A mother desperately tries to protect her teenage son from a powerful ring of pedophiles.
Suzanne Ricci discovers her next-door neighbor, Reggie Roman, dead in his home, brutally beaten. The same day, her 14-year-old son, Danny, is arrested for driving Reggie’s Mercedes with his friend Reno, well-known to law enforcement as a prostitute. The police briefly suspect Danny, who happened to spend the evening at Reggie’s home, only to find him dead on his way out the next morning. Defending himself against suspicions of murder, Danny discloses a clandestine life that shocks his unwitting mother. The boy abandons his friends, drops out of art classes, and seems numbed to the world. As a troubled youth coming to grips with his gay identity, Danny befriends Reggie, notorious for the sex-and-drug-besotted parties he hosts in his home, often for influential men. Now caught up in this sordid world, depicted chillingly by Da Vigo (Thread of Gold, 2017), Danny struggles to extricate himself from it. And after his best friend, Grace Stannard, is raped and murdered by a group of pederasts known as The Club, Suzanne becomes committed to bringing them to justice. The group is formidable, however, made up of men with high-ranking positions at the police department, the district attorney’s office, and in the media. But because she fears for her son’s life, she’s left with no choice. The author masterfully builds an atmosphere of darkness and dread. Both Danny and Suzanne are mesmerizingly layered characters. Suzanne is wounded after the sudden death of an unfaithful husband, and Danny’s traumatic encounters with The Club are all the more affecting juxtaposed with the inchoate fragility of his sexual identity. At various points, the novel’s gruesome content is hard to digest, especially those scenes that describe the abuse of children; however, Da Vigo’s treatment of that content is dramatically vivid without a hint of sensationalized license. This is a beautifully crafted and thrilling novel, unflinchingly realistic without sacrificing hope.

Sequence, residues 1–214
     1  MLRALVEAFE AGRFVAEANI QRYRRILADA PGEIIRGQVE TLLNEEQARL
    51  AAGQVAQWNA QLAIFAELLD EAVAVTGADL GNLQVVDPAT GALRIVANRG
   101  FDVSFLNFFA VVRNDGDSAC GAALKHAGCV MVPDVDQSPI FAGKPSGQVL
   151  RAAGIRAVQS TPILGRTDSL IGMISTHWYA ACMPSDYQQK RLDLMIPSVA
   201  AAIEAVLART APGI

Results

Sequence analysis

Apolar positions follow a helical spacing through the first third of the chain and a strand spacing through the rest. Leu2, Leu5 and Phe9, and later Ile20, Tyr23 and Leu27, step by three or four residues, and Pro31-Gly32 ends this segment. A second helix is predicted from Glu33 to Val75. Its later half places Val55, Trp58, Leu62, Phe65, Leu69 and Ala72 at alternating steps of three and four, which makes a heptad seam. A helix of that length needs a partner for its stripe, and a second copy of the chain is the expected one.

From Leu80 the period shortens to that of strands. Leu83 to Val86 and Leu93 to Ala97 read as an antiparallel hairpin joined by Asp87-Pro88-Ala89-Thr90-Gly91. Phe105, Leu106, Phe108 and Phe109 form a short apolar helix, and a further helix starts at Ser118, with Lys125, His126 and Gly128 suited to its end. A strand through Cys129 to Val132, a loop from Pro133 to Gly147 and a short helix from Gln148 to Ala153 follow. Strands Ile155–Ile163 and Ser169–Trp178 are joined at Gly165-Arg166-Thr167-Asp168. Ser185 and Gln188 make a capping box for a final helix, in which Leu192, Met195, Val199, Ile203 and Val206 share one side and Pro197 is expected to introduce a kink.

A sensitively intelligent dramatization of the abuse of power.